A woman was charged with negligent homicide after a car traveling 94 MPH driven by an off-duty police officer crashed into the SUV in which she was riding and killed her infant daughter.
On October 12, 2017 in Baton Rouge, Louisiana, a Nissan SUV carrying four adults and four children was making a left turn onto Florline Boulevard at a green light when a Corvette driven by a speeding off-duty police officer traveling at an estimated 94 MPH in a 50 MPH zone smashed into its passenger side, killing a 1-year-old girl who was ejected from the SUV.
As noted in a meme circulated on social media in the aftermath of the accident, the officer behind the wheel of the Corvette, Christopher Manuel, was not penalized (even though he was driving nearly double the speed limit), while the dead girl’s mother (who was a passenger in and not the driver of the SUV), 21-year-old Brittany Stephens, was charged with negligent homicide for not properly securing the child in a car seat:
As is often the case, while the meme provided factual information, it also ignored the many complexities of this case and instead focused on a single, outrage-inducing aspect of it. The primary context omitted here is that both Manuel and Stephens were initially arrested on suspicion of negligent homicide, but prosecutors — who deliberated for two years — ultimately felt they could not determine who was more at fault for the child’s death, nor could they meet the burden of proof needed to successfully bring criminal charges against Manuel. In the end, they took no action against either party.
The crash occurred when the driver of the SUV turned left onto Florline Boulevard while Manuel was traveling northbound on Airline Highway. According to Manuel’s arrest report, investigators estimated his vehicle’s speed at the time of the accident at 94 MPH based on calculations from data recorded by his car’s airbag control module. Both cars had green lights, so the primary issue was determining whether the SUV’s driver failed to yield, or whether the Corvette’s excessive speed would have made it extremely difficult or impossible for the driver to safely judge the turn. Investigators came down on the side of the latter, and Manuel filed a civil suit alleging that the driver of the SUV was at fault for turning “suddenly and without warning” into his lane.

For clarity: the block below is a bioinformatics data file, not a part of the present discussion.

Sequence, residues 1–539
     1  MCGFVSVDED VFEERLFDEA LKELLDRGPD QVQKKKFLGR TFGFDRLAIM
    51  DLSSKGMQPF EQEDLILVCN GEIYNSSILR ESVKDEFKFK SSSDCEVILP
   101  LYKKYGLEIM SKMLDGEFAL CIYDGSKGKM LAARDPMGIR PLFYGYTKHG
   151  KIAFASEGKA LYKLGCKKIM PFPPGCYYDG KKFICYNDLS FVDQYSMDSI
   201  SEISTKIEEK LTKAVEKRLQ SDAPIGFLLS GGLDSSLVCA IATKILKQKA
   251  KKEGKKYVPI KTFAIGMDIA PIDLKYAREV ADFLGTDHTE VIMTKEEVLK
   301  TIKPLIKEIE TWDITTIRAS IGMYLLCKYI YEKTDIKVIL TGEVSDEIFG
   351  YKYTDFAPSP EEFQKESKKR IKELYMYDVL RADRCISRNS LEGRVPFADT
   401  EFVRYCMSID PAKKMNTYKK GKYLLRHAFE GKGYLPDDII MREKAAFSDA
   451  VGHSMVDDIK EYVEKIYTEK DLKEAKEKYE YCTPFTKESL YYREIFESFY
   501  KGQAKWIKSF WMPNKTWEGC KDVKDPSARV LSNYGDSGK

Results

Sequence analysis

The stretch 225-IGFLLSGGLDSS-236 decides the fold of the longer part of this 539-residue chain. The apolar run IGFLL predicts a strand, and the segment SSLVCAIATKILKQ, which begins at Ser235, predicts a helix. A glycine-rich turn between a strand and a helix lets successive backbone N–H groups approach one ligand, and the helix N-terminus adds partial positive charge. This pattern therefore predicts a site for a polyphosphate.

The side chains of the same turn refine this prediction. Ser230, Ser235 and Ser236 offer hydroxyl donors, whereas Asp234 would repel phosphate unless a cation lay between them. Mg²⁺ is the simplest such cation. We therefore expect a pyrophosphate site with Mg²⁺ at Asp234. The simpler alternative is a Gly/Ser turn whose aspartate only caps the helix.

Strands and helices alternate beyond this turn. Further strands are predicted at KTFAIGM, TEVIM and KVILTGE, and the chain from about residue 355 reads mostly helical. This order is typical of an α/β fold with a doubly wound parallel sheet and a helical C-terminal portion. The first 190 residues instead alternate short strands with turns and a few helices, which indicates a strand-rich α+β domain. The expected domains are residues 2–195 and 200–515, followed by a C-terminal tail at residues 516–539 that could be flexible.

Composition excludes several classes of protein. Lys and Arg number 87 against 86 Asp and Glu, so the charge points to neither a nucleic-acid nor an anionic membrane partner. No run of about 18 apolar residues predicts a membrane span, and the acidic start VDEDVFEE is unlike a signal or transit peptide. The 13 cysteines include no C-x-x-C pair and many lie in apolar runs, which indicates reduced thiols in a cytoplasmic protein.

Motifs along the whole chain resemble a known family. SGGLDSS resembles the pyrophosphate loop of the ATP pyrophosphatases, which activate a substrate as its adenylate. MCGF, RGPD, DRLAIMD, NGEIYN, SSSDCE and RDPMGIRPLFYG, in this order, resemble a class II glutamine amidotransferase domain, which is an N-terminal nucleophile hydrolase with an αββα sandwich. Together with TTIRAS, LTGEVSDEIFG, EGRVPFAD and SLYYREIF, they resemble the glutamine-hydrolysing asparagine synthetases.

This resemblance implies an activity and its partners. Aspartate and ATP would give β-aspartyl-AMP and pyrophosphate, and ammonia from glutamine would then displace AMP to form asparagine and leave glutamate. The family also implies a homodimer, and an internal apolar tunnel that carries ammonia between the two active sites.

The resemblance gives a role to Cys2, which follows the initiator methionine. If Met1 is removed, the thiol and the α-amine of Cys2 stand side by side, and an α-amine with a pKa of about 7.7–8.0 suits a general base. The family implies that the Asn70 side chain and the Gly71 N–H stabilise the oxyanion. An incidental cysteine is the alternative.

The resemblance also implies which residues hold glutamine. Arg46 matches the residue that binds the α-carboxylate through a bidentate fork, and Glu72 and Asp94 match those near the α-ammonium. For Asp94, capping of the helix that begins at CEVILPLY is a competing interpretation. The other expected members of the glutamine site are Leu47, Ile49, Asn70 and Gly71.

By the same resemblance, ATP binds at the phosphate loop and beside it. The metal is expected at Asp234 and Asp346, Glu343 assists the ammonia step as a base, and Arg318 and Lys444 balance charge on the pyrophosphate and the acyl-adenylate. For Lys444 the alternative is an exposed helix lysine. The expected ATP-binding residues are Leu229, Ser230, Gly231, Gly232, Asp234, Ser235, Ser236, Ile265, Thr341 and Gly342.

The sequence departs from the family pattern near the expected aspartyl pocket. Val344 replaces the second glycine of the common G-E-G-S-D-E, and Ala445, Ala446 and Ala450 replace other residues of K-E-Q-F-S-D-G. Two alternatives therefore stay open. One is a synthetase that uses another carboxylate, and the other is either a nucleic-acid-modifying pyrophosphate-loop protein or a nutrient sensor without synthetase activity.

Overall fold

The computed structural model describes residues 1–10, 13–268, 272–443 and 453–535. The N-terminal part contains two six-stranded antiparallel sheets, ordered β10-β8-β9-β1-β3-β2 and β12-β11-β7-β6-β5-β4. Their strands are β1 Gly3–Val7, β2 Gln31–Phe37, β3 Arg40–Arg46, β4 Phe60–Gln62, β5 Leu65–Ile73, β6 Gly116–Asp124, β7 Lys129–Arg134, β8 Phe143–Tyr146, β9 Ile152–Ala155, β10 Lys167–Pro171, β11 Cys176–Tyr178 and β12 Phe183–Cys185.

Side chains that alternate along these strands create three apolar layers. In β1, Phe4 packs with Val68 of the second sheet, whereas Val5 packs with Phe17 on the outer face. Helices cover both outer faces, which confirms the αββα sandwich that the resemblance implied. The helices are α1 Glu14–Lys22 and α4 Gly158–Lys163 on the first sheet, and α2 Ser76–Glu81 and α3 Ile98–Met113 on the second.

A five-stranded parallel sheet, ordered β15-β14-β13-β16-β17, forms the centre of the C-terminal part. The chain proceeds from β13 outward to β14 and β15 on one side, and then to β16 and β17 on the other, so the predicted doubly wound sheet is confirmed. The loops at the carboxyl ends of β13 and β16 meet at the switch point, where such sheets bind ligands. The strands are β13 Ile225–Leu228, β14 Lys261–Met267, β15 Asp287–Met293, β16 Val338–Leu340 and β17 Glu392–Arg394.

Additional complicating factors were that the driver of the SUV was unlicensed, the vehicle was carrying too many occupants, and no one in the SUV was wearing a seatbelt. Police also stated that Stephens did not properly secure her daughter’s car seat, instead placing it on the SUV’s center console between the two front seats, which is considered an act of “gross negligence” that was a “contributing factor in the death” of the child.
As the Baton Rouge Advocate reported, the district attorney felt his office could not fairly determine whom, if anyone, to prosecute:
East Baton Rouge District Attorney Hillar Moore III said his office decided not to bring charges against either Manuel or Stephens, reasoning that both had contributed to the tragic outcome even though “one suffered a bigger loss.”
“It becomes a conundrum of ‘Who’s at fault?'” Moore said. “Do you really want to charge the mom with her child’s death? Of course not. Which act truly caused the death, speeding or lack of proper restraint? Is one more culpable than the other? We couldn’t really determine that based on the facts of the case and what the law requires.”
“This is a trying decision,” Moore said. “It weighed on me as a parent with children.”
One aspect of the controversy surrounding the crash was Manuel’s status as a member of the Baton Rouge Police Department, which some critics maintained may have influenced the DA’s decision not to prosecute a criminal case against him. Another was that no one involved in the accident was even cited:
[Marcus Allen, an attorney] volunteered to represent Stephens for free after news of her case went viral within some circles online. He said Moore’s “unilateral decision” not to prosecute “has the look of impropriety” because the case involves a law enforcement officer and argued prosecutors could have avoided that by going forward with the case and allowing the criminal justice system to decide the officer’s fate.
Police recommended citations for several other people in the SUV with Stephens after finding various safety issues, including that there were too many occupants, none were wearing seatbelts and the driver was unlicensed. Prosecutors had two years to issue those citations but instead let the tickets expire without doing so.
They did the same for a misdemeanor speeding count against Manuel, which also expired.
Moore said prosecuting Manuel for speeding would have meant essentially forfeiting the option to charge him with negligent homicide because of double jeopardy laws at the time. But once prosecutors ruled out the more serious charge, they could have chosen to issue the speeding ticket then with no major impacts on the case.
[Allen] said that’s the least Moore’s office could have done.
“How can you overlook the glaring fact that he was going almost 100 mph?” Allen said. “You just cannot operate a vehicle that fast. For him to walk away from this with no criminal charges … it almost appears he’s above the law.”
Although prosecutors decided to take no action in the case, some online reports nonetheless mistakenly reported that Brittany Stephens had been convicted and sentenced to prison.